Friday, October 1, 2010

Mini Book Reviews

Life has been a bit chaotic, so this week, so I'm posting some mini-reviews. Sadly, school got in the way of blogging. On the bright side, I'm now on fall break, so I can schedule things in advance (hurrah).

Next week I'll have a review up for Cate of the Lost Colony, and a guest post from the author, Lisa Klein. Plus, there will be a contest up for a copy of the book!

The Musician's Daughter by Susanne Dunlap

I wasn't sure what to expect with this one, but I really enjoyed it. I was surprised by the political portion of the plot, and enjoyed this aspect the most. When I started reading this one, I had just heard about the deportations of the Roma in France. So, I was excited that this one had themes that were along the same topic. Of course, this story took place in Austria, not France. Nevertheless, it was interesting to read about the stereotypes the characters had about the Roma in this book, and compare them to the modern stereotypes.

Overall, I did enjoy this one, but there was something missing that kept me from loving the story. I think that I felt this way because of the pacing of the scenes. Some flowed well together, and some scenes dragged for me.

Jeremy Cabbage and the Living Museum of Human Oddballs and Quardruped Delights by David Elliott

In Jeremy's society, there's a disease that changes regular people into cloons. What's the difference between a clown and a cloon, you ask? Well, to quote my friend Sam, "A clown is a person underneath, and a cloon is a cloon underneath." Due to the Baron Ignatius von Strompie, cloons are ostracized in Jeremy's community. In fact, there are some who want to run them out altogether.

This is quite honestly the most unique book that I've ever read. I'm not even really sure how to review it, because quite a bit happens from start to finish. I will say that there is something for everyone in this story. For example, crazy characters, a savant pig, discovering the meaning of family, and some social commentary thrown in for good measure.

I really didn't do this one justice, so if you're in the mood for something totally unique, give this one a try.


Princess of the Midnight Ball by Jessica Day George

I picked this one up after a couple of friends raved about it. It may have been because I had high expectations, or that I've read so many great fairytale retellings lately, but I was slightly disappointed with this one. This retells the story of The Twelve Dancing Princesses, and puts a new twist on it. While I enjoyed the new fantasy element of the story, I wish that there had been more description of King Under Stone's world, where the princesses are forced to dance each night. This lack of description was the one thing that kept me from connecting to the story. To George's credit, I really liked the characters, and thought that Galen was very well developed.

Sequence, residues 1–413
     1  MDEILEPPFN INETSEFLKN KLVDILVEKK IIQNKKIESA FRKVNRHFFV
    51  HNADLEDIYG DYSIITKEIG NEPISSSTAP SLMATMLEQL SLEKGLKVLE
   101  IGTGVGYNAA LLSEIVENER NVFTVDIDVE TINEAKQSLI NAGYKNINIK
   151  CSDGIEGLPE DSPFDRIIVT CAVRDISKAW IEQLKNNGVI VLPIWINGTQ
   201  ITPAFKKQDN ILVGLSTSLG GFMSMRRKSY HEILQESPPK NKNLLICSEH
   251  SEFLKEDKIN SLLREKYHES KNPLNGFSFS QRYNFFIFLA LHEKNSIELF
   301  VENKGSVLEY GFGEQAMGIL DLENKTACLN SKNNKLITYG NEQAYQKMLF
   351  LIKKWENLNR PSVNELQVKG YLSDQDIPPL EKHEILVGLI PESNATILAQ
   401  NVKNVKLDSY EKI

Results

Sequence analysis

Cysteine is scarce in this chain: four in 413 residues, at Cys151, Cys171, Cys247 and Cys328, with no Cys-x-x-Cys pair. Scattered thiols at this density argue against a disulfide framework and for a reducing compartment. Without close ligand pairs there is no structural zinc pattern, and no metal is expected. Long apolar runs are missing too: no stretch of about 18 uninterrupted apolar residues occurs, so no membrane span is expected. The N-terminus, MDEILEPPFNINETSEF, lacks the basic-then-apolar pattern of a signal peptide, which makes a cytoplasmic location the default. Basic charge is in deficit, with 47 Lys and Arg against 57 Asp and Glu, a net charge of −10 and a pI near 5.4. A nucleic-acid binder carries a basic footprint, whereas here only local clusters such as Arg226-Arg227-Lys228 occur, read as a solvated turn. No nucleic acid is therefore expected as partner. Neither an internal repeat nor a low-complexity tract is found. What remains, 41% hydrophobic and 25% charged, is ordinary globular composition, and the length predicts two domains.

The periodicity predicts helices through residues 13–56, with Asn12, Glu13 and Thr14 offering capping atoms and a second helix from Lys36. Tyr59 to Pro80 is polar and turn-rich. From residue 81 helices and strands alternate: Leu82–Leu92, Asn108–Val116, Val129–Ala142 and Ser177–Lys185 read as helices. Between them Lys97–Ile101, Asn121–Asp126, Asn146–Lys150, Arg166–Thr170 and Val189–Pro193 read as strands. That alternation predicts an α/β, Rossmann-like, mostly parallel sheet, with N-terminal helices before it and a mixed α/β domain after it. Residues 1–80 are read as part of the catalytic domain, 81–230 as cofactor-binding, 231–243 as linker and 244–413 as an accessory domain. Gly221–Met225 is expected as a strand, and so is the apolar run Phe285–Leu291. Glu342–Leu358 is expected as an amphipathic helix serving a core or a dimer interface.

Overall, not my favorite retelling of a fairytale, but I'll still pick up the sequel.


Sisters Red by Jackson Pearce

For those who haven't heard of this one, sisters Scarlett and Rosie March hunt Fenris, or werewolves. The werewolves are predators in more way than one. Yes, they kill, but their prey tends to be young, pretty girls. So, Scarlett makes it her mission to save those girls. Rosie, on the other hand, has never really had a choice in hunting. She goes where Scarlett goes, even if it means she is unable to have a stable life.

I really enjoyed this new take on werewolves. Finally, a story where they're vicious, and no one falls in love with one. While I would have liked a bit more history about the March family, the story didn't disappoint me. There was action, suspense, and just the right amount of romance. I'm excited to see where the sequel takes our characters.


Virals by Kathy Reichs

I love the show Bones, but I've never read any of the original series by Kathy Reichs. When I heard that she was writing a teen series, I jumped at the chance to read it. This book features Tory Brennan, the niece of Temperance Brennan. For those people who only watch the tv show (myself included), the news that she has a niece will surprise you. In fact, I think that I would have enjoyed this book more had I read the original series.

I enjoyed the story, but this one was hard for me to get through. I think it was because I couldn't connect to Tory. I enjoyed reading about her, but I didn't relate very well. There were also portions of the book that I had to reread, because I caught myself skipping lines. I'm interested in reading her books featuring Temperance, but this one just didn't hold my attention.

4 comments:

Nina said...

It doesn't sound like any of them really stands out and is really great. I do like the sound of the last one. :)

Christina T said...

I loved The Musician's Daughter but like you I felt a little disappointed by Princess of the Midnight Ball. I far preferred the sequel, Princess of Glass.

Laina said...

I tend to find that series that cross over from other series can be somewhat confusing... like you're missing something, you know? I guess it's because they're not really standalone series...

Juju at Tales of Whimsy.com said...

Yah minis! Great job!

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